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My Charmed Life
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My Charmed Life

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In one of my final university courses, I was assigned to create a visual depiction of my life. I’m not an artist, so I crafted a chain link bracelet with small baubles encircling it. Each piece represented a facet of my
21-year-old self: my personality, interests, faith, friends, and family. Before turning it in, I topped my creation with a bold header: My Charmed Life. 

And it was true. I was set to graduate college soon with an excellent GPA. I was engaged to the only guy I had ever dated. I was healthy and happy, with wonderful friends and a supportive family. I had been a Christian for as long as I could remember and even a liberal arts program at a state university hadn’t decimated my faith. I was living the epitome of a “charmed life” and yet, when I turned that shiny project in to my professor, I felt unsettled to my core. A fear I had never named and had long kept at bay churned in my soul. 

I grew up in church and made a profession of faith in preschool. Throughout children’s church and youth group, I understood and could articulate that Jesus died on the Cross for my sins, and I had placed my faith in him for salvation. I read devotionals, prayed, listened to Christian music, and went on mission trips.

I was the quintessential church kid, and in many ways I am grateful for that. But, also like some church kids, I had an incomplete—and even distorted—understanding of the good news of the Gospel. 

In church kid stories, this is often where the devastating trial occurs. God, in his sovereignty and love, often uses suffering and trials to topple idols and loosen the grip of false gospels on the lives of his children. In my life, however, the Lord used a different kind of severe mercy: he gave me everything I wanted.  

By the time I completed my “charmed life” assignment and prepared to graduate college, I had virtually everything a young woman could hope for. I had the health and well-being and comfortable life I was told I deserved for being a faithful follower of Jesus. I was blessed. But the fear that had quietly pursued me throughout high school and college was now breathing hotly down my neck. “Don’t falter, or God will take this all away,” it hissed. I was terrified, and I was tired. I put constant pressure on myself to maintain this life or it would all crumble: Don’t go too many days without doing your devotions or you never know what could happen. Have you prayed enough lately? Are you being an outspoken enough witness on campus? If you’re sick, where did your faith falter? Don’t screw this up; the kids from youth group back home are watching you.  

An allegiance to the false gospel of self had festered for years in my heart behind the veneer of faithful Christian obedience. Most of my actions didn’t seem self-focused, but they werebecause I was trying so hard by my own grit to attain all I thought I had been promised in this life. And for a while, it seemed to work. I was healthy, I was happy, I was successful. God was surely pleased with me, and my blessed life was evidence. But God loved me too much to leave me in the death grip of faux-good news. In his infinite wisdom he gave me all I wanted, and then let me see how precarious and empty it was.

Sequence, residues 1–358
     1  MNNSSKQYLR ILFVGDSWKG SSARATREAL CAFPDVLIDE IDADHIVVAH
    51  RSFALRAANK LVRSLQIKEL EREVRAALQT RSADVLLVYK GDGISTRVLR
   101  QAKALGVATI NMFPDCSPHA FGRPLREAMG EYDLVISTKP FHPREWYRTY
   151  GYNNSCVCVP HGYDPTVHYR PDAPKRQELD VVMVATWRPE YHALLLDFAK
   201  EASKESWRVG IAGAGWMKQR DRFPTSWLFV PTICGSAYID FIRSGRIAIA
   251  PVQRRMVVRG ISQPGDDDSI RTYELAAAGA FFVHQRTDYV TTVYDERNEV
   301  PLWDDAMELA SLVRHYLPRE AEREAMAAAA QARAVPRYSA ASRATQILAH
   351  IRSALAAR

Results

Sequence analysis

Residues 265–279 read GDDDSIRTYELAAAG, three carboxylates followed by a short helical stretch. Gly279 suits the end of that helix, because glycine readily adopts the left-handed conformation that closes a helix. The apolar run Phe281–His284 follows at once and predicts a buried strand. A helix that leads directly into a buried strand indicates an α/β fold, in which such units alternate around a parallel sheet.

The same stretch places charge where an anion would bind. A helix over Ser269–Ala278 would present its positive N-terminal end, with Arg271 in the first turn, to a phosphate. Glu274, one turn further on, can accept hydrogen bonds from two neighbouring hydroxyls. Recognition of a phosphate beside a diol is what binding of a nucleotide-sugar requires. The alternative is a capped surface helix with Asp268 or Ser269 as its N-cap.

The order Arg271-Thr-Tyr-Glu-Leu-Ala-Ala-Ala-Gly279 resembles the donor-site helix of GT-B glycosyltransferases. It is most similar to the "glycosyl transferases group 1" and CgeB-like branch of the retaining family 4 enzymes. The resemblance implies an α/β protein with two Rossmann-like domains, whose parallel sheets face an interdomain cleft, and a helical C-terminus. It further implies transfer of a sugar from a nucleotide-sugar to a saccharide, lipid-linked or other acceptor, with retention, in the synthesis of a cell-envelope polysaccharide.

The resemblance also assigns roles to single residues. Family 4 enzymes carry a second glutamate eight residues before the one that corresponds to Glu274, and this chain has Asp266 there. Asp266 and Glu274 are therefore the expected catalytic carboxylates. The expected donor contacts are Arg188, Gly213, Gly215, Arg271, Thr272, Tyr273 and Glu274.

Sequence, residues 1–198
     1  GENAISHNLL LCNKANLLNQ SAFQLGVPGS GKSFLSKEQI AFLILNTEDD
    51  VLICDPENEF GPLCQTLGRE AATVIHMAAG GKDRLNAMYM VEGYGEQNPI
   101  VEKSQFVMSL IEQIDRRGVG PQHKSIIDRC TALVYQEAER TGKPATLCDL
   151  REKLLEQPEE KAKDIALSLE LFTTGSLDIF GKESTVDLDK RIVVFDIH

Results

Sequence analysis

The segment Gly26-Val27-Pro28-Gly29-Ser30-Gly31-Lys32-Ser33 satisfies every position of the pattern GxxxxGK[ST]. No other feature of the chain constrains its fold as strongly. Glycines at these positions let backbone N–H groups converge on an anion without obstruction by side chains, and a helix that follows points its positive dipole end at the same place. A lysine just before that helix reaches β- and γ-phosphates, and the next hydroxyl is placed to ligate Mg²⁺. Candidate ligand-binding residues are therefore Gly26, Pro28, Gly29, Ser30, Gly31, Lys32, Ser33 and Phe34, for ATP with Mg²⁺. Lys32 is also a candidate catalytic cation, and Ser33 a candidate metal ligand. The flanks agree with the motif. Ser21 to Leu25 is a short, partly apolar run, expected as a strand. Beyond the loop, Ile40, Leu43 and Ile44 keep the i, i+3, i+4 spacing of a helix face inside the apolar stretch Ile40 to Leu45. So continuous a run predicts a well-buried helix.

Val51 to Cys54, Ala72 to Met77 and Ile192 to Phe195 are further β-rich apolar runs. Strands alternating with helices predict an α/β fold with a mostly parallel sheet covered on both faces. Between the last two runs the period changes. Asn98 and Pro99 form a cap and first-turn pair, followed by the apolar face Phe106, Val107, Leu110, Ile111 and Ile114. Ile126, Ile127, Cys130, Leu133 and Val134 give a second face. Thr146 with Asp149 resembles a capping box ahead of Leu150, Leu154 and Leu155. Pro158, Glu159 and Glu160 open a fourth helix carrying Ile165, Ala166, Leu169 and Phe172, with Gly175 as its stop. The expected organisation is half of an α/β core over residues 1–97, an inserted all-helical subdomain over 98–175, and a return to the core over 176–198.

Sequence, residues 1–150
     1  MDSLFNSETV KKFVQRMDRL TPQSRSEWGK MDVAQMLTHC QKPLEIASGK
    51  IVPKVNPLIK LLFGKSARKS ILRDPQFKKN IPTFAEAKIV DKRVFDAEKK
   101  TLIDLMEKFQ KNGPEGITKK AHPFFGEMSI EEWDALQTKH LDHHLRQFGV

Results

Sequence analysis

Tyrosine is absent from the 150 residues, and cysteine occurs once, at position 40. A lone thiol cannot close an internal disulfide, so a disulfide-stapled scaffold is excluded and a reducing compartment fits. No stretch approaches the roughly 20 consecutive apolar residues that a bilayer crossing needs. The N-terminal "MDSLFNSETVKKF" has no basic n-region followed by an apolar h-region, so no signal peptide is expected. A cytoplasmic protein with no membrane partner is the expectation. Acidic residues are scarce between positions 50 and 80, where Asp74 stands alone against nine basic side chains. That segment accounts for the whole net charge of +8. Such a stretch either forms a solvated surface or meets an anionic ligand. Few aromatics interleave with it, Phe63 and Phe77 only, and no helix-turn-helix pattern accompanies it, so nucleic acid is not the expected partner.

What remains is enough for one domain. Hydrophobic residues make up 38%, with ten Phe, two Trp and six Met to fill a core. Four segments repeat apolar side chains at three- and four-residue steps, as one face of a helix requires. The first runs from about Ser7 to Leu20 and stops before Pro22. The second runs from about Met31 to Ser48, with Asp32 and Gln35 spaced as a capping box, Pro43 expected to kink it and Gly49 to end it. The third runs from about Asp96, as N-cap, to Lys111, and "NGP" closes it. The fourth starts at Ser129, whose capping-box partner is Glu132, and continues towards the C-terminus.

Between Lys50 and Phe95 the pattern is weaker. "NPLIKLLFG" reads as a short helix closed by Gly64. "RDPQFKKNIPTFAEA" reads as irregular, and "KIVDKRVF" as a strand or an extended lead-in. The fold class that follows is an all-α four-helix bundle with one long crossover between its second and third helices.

Under the guise of godly growth and maturity, I was worshipping at the altar of self-focus. 

Behind the veneer of Christian service, I was bowing to self-fulfillment. 

Beneath a mask of dependence on God, I was resting in self-sufficiency to secure my charmed life.  

These truth-bombs didn’t land all at once, but slowly. I experienced a gradual, gracious chipping away—a deconstruction, even—of what I thought my faith had been. God exposed my hedonism, pride, and vanity through his Word and his Church. Eventually, with the facades torn away, all that remained was my preschool profession of faith: Jesus Christ died for my sins, and salvation is found in him alone. But rather than “graduating” from saving grace and moving on to Christian living by my own effort, I began to understand the ongoing role of God’s grace in my life. Years later, I heard a song that summarizes it beautifully: 

Grace paid for my sins and brought me to life; 
Grace clothes me with power to do what is right; 
Grace will lead me to heaven, where I’ll see your face; 
And never cease to thank you for your grace.  

The false gospel of self was not good news at all, but a lie that cheapened God’s gift of grace and set me on an exhausting hamster wheel, striving to earn something that Christ had already paid with his blood.

The good news of salvation by grace through faith in Jesus Christ had been good news to me as a child, but it is also good news for me now and will be for eternity. I laid down the impossible weight of self-sufficiency and found instead the freedom of Spirit-empowered obedience and sanctification (Phil. 2:13). 

Through this years-long process, my life still looked “charmed.” But the charmed life never satisfied, and it was never meant to. Nothing I own is because I earned or kept it. Nothing I have lost is because I failed to be enough or do enough. All is grace. To the end of my days and forevermore I will proclaim confidently with King David, “You are my Lord; I have no good apart from you” (Ps. 16:2).